Review: Curtis Stigers: Up Close and Personal, Le Monde

Stigers is a jazz musician for people who don't necessarily like jazz
Stigers is a jazz musician for people who don't necessarily like jazz
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The first of five performances at Le Monde this week, Curtis Stigers’ debut at the George Street venue had just about everything you might associate with the 46-year-old American songwriter: sophisticated songs, self-deprecating humour, and, at two hours and 25 minutes running time, value for money as well.

***

Easy on the ear as well as the eye (yes, ladies, we know), the blue-green-eyed-boy from Boise is what you might call a jazz musician for those who don’t necessarily like jazz too much. Somewhat homogenised, he croons, plays some mellow sax on occasion and employs a guitarist (James Scholfield) who certainly knows his flat ninths from his flat irons. But that’s largely where the strict jazz stops.

Dressed in a casual suit and red sneakers, Stigers has a slightly manic, slightly nervy aura about him. His hair is short and greying – a far cry from his long-haired, chestnut-brown pop-star days – and he does this odd, compelling dance on his tip-toes whenever he blows his sax’s nose.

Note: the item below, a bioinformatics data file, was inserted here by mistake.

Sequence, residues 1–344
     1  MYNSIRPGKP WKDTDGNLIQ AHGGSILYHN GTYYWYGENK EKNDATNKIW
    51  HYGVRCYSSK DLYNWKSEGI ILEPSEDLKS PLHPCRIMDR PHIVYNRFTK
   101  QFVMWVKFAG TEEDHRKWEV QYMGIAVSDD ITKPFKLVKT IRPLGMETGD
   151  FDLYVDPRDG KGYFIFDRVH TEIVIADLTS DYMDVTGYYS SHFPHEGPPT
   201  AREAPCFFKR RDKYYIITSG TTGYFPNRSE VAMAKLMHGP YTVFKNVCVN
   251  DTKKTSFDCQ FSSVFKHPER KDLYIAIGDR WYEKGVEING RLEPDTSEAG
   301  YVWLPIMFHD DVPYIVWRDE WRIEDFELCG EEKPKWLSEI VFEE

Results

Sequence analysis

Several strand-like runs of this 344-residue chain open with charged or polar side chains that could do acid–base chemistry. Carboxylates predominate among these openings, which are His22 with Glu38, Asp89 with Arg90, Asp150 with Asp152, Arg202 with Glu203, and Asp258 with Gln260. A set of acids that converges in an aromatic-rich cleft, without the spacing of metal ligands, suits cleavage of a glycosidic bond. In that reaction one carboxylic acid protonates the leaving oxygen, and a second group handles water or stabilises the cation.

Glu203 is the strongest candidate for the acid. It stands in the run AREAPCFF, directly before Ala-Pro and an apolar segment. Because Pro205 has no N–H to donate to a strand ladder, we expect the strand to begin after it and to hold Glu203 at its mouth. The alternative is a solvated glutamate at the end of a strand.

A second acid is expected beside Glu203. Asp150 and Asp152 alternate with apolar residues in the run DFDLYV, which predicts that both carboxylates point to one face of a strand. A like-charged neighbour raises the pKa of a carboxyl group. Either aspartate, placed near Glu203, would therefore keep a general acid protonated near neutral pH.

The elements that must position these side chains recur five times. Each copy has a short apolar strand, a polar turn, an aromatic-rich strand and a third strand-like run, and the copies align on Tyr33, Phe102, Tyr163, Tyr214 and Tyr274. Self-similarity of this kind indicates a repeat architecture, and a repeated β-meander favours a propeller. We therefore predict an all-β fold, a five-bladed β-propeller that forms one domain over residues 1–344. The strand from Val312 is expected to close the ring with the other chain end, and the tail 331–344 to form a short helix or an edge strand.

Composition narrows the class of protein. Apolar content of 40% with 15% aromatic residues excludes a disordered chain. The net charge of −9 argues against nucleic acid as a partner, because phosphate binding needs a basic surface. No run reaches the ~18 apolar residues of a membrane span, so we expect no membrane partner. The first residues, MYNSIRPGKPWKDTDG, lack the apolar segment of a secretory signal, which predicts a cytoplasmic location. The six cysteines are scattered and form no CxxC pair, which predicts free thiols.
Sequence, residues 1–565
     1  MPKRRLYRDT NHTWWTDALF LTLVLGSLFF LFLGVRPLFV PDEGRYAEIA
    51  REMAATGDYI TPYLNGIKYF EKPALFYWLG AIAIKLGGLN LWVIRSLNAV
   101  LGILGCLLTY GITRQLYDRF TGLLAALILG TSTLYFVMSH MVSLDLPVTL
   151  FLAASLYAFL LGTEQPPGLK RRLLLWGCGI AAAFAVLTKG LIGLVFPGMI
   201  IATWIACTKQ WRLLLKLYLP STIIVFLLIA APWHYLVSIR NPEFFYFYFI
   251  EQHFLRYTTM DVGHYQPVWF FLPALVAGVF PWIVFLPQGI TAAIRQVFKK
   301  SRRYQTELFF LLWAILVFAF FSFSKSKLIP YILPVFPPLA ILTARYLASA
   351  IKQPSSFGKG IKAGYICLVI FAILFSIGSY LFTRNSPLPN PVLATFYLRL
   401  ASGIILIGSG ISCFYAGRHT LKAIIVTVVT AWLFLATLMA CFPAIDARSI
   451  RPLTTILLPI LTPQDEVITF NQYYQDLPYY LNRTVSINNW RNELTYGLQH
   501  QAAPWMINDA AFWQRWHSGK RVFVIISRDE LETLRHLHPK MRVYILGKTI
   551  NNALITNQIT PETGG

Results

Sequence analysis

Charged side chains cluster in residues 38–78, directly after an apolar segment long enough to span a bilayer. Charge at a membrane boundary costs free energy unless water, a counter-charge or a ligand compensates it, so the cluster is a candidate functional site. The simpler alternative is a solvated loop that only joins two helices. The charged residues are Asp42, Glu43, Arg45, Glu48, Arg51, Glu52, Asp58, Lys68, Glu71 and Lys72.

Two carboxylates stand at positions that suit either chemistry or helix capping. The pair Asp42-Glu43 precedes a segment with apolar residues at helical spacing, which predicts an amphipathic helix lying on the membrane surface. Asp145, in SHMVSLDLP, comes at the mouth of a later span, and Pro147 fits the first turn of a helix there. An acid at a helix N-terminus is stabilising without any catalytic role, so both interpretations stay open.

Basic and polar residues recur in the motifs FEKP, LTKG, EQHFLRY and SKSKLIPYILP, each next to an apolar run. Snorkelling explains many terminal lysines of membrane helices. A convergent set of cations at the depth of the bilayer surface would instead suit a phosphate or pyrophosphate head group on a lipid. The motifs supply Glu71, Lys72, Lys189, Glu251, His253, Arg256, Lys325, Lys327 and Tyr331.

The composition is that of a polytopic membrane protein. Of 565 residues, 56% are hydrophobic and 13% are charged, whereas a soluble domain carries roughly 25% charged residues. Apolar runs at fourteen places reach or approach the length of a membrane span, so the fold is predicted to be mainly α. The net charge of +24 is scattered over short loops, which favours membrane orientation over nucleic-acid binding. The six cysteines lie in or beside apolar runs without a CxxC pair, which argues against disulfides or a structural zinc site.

Keeping his guitar in tune was an all-too-often distraction (a bit like his constant mentioning that he has a new album for sale), although his quips about Edinburgh Zoo’s pandas, the Scots’ penchant for booze and embarrassing his playing partner certainly kept the mood buoyant.

With plenty tunes on offer, the brunt of them came from someone else’s pen. The Eddie Floyd/Steve Cropper blues of Oh How It Rained set the tone, the earthy charm of Bob Dylan’s Things Have Changed sounding decidedly chipper. The pleasant soul-pop chime of David Poe’s Everyone Loves Lovers was perhaps a bit too happy-happy to be taken seriously as a love song. However, a track Stigers co-wrote with Carole King (“a boy from Idaho hooks up with a Jewish girl from Brooklyn to write a song about New Orleans”) proved he doesn’t always have to sing from someone else’s hymn sheet. That said, Nick Lowe’s (What’s So Funny ’Bout) Peace, Love, and Understanding ensured the largest roar of appreciation was saved for last.

Starting at 9pm and 
running until 11.40pm, if you plan on checking Stigers out this week, you might want to check the bus times home first.

Run ends Friday